I can sell it, reinvest the proceeds in a muni bond fund, and live in a smaller rental property for roughly what the bond fund would pay in dividends.
It removes some of my money from stocks, bonds and other more liquid and volatile investments. Since I can choose the location and relative neighborhood and area dynamics and directions, I have some control of the properties valuations in the short to intermediate term (0-7 years). This removal of monies acts as a very low correlative asset class in my asset allocation. Its extremely unlikely that we'll have a long term down period in stocks and bonds where my homes value will also drop severely.

I guess if you bought a home in a depreciating or non-appreciating area, much of this benefit would be lost. The good news is as ER's, we can choose to live anywhere we want to, so I pick undervalued homes in undervalued areas that are looking up.
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Re: Rethinking my approach -- comments?
Old 10-26-2004, 12:33 PM   #25
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Re: Rethinking my approach -- comments?

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I guess if you bought a home in a depreciating or non-appreciating area, much of this benefit would be lost. *The good news is as ER's, we can choose to live anywhere we want to, so I pick undervalued homes in undervalued areas that are looking up.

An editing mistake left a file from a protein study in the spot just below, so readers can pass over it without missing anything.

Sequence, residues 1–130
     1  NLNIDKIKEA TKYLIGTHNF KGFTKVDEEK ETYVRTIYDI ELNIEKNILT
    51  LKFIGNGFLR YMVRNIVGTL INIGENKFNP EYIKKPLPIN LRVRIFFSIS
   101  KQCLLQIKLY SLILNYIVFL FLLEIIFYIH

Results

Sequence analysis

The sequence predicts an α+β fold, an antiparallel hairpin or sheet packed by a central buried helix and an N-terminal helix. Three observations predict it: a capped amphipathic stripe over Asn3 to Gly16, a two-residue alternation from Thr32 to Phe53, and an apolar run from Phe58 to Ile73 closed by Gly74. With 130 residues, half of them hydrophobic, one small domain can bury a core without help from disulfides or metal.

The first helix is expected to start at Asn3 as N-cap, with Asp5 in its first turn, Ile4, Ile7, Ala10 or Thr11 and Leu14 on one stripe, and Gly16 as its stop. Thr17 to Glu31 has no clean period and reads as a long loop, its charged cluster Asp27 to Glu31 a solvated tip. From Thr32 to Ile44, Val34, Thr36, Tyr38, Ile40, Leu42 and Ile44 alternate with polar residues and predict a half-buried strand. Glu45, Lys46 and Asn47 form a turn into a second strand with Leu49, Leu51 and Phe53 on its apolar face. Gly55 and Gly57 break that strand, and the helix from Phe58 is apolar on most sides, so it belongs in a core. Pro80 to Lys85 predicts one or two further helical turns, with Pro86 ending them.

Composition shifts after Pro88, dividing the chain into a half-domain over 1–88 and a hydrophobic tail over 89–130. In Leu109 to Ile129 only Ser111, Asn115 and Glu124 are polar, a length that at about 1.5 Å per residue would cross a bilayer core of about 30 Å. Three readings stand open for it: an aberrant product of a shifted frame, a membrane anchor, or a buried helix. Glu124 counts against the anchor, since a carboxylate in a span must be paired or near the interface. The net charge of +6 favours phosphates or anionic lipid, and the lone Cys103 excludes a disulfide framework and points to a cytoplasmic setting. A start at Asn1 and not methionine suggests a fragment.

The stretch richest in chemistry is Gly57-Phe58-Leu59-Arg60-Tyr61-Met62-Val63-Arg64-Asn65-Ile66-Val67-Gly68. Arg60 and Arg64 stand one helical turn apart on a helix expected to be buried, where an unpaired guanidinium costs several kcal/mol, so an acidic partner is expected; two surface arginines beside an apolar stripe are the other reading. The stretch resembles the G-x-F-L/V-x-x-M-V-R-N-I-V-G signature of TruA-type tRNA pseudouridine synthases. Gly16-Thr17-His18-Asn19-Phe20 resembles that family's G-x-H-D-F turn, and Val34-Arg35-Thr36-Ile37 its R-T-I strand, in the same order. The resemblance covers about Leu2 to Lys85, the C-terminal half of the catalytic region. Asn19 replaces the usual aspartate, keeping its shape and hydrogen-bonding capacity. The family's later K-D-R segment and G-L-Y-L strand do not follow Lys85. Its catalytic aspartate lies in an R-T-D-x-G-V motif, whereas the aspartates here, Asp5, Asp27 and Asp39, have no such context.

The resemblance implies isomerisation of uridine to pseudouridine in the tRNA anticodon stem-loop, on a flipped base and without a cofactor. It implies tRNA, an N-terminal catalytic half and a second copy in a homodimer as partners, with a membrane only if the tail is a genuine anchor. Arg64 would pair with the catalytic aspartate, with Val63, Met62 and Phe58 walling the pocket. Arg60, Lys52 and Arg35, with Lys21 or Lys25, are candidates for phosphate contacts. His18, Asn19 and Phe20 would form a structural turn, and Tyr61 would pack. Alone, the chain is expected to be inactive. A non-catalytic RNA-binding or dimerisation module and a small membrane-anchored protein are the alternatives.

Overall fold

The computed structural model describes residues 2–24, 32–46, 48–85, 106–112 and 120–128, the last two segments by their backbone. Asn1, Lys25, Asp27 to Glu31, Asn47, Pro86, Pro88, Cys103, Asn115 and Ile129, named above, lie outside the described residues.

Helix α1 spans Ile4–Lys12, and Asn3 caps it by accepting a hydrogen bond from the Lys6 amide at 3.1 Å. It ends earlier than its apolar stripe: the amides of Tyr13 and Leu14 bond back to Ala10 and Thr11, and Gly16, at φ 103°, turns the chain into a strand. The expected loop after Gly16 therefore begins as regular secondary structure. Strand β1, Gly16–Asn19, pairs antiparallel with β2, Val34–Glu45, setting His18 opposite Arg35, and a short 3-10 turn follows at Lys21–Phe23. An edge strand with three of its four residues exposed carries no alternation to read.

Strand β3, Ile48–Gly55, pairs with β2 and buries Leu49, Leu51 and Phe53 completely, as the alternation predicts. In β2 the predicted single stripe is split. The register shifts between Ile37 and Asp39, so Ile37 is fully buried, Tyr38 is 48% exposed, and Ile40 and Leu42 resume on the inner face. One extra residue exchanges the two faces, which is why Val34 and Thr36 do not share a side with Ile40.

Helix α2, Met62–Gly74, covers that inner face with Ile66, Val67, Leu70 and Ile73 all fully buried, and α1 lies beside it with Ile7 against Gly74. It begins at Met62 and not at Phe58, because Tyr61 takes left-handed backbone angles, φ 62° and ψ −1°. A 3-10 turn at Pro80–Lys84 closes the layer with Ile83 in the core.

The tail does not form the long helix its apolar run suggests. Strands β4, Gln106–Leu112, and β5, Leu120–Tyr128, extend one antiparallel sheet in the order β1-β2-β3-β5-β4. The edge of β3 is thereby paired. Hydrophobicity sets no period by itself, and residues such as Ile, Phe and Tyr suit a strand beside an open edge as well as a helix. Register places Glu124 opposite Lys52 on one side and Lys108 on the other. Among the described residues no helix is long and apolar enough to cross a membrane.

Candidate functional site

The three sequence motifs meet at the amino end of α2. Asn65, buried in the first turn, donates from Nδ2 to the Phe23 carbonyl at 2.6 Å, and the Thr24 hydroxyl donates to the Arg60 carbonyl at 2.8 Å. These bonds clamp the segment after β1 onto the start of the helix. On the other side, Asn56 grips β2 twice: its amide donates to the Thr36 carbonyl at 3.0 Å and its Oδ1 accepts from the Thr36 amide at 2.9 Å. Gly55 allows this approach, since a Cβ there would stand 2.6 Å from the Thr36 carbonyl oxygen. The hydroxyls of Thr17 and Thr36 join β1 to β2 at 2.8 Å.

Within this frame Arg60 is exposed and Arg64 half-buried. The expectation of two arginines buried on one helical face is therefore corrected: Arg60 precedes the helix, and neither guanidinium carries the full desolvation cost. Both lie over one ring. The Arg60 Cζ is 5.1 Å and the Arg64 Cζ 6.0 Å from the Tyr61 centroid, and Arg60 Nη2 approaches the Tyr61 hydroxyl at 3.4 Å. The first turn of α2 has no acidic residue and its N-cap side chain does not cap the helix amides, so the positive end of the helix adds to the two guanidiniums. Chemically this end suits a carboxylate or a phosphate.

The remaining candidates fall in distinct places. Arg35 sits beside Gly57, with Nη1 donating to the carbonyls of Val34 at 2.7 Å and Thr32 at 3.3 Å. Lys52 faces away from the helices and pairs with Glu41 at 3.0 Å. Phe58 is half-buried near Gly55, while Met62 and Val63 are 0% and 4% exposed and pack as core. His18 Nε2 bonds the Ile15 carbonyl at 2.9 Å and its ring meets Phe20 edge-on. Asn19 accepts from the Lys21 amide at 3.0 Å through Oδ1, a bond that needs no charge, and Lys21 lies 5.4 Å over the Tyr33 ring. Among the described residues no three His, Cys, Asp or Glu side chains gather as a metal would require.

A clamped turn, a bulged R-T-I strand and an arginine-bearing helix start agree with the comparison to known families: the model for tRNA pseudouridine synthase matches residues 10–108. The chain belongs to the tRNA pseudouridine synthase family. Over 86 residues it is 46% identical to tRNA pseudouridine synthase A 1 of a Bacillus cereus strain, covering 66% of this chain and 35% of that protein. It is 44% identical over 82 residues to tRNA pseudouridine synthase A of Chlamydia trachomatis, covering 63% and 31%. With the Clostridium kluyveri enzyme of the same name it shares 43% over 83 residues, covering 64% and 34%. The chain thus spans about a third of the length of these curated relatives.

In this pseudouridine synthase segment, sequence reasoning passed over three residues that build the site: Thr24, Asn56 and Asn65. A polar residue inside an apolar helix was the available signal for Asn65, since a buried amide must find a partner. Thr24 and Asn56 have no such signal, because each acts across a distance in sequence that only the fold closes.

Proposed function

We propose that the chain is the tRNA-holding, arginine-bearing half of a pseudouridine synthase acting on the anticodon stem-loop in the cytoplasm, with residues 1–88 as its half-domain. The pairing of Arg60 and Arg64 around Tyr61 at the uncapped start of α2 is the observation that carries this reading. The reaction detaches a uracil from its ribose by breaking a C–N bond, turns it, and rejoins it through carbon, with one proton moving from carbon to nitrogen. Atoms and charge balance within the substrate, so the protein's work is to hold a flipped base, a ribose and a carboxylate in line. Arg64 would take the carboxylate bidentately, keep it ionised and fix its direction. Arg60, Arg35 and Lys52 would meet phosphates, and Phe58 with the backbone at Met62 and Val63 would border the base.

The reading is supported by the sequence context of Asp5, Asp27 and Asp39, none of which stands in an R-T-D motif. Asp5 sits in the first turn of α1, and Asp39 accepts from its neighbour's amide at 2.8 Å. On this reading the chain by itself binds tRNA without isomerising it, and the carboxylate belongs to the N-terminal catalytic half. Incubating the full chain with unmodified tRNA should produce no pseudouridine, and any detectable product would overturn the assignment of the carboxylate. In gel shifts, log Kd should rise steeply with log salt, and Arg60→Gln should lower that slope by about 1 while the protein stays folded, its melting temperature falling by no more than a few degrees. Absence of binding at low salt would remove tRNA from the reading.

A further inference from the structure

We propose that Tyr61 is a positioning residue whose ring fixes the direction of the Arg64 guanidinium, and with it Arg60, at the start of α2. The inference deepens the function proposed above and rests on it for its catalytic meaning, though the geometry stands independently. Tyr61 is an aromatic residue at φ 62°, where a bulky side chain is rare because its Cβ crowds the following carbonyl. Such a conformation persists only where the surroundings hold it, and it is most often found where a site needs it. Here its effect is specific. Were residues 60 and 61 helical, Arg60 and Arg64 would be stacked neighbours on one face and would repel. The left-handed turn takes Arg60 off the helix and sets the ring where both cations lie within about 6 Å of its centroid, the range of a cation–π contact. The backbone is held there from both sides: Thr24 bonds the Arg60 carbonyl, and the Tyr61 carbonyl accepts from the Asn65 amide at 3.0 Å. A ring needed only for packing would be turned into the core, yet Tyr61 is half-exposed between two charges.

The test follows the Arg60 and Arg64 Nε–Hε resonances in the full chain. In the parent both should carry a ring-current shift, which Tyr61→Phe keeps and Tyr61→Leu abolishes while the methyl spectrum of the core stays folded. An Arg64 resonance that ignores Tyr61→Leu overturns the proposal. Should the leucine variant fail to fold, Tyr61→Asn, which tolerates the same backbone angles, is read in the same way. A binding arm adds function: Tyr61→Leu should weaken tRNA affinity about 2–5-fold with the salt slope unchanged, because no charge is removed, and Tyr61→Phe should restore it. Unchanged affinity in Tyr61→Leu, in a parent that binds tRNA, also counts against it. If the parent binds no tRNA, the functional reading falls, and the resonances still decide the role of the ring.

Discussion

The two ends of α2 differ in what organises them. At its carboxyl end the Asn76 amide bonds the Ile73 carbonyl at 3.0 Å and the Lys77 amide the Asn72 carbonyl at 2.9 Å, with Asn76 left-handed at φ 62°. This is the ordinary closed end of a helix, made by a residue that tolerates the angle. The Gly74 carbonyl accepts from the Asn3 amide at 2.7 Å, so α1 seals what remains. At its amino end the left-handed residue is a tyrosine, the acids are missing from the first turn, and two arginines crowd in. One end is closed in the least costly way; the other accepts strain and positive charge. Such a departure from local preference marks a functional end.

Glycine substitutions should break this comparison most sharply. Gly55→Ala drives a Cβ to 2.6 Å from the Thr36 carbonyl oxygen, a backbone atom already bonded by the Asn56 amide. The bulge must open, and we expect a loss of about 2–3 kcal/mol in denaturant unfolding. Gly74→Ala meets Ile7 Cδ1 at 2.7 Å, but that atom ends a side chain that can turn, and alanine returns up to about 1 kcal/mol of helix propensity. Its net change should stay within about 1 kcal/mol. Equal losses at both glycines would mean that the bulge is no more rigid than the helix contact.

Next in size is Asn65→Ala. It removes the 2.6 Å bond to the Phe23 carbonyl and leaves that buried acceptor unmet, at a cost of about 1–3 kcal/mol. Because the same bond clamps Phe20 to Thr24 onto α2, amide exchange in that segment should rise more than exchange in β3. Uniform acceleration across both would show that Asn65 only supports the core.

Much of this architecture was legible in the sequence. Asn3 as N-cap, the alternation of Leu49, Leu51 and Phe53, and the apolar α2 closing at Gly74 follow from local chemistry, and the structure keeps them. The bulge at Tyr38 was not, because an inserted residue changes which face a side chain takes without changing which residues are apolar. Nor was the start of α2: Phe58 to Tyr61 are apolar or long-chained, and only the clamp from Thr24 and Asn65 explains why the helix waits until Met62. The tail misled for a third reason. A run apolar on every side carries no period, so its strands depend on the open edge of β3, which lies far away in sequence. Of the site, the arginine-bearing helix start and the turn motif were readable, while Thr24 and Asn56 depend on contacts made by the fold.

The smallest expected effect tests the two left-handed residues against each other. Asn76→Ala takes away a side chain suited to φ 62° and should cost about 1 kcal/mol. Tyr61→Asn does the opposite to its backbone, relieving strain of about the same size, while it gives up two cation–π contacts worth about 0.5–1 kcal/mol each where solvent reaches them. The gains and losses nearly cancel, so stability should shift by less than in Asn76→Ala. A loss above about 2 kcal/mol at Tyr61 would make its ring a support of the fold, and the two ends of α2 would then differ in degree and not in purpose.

That may work but it is also combining lifestyle choices with your investment decisions. What to do when they conflict?
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Re: Rethinking my approach -- comments?
Old 10-26-2004, 01:34 PM   #26
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Re: Rethinking my approach -- comments?

Uhh...deal with them or make another choice?

Same way you get to ER. You save, you invest, you make lifestyle changes. Nothing different here.

What I dont always get is why people will steadfastly stay with a choice when its disabling to something that they will appreciate far more.
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Re: Rethinking my approach -- comments?
Old 10-26-2004, 01:44 PM   #27
 
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Re: Rethinking my approach -- comments?

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What I dont always get is why people will steadfastly stay with a choice when its disabling to something that they will appreciate far more.
Don't follow you here. Obviously they made their choice. Do you have an example?
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Re: Rethinking my approach -- comments?
Old 10-26-2004, 04:38 PM   #28
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Re: Rethinking my approach -- comments?

In its simplest form, people who spend rampantly for stuff that doesnt really improve their quality of life, while wishing they could retire early.

In this context, someone who would keep living in their pre-ER mcmansion, or in the very expensive area they had to live in, in order to find and retain quality employment prospects.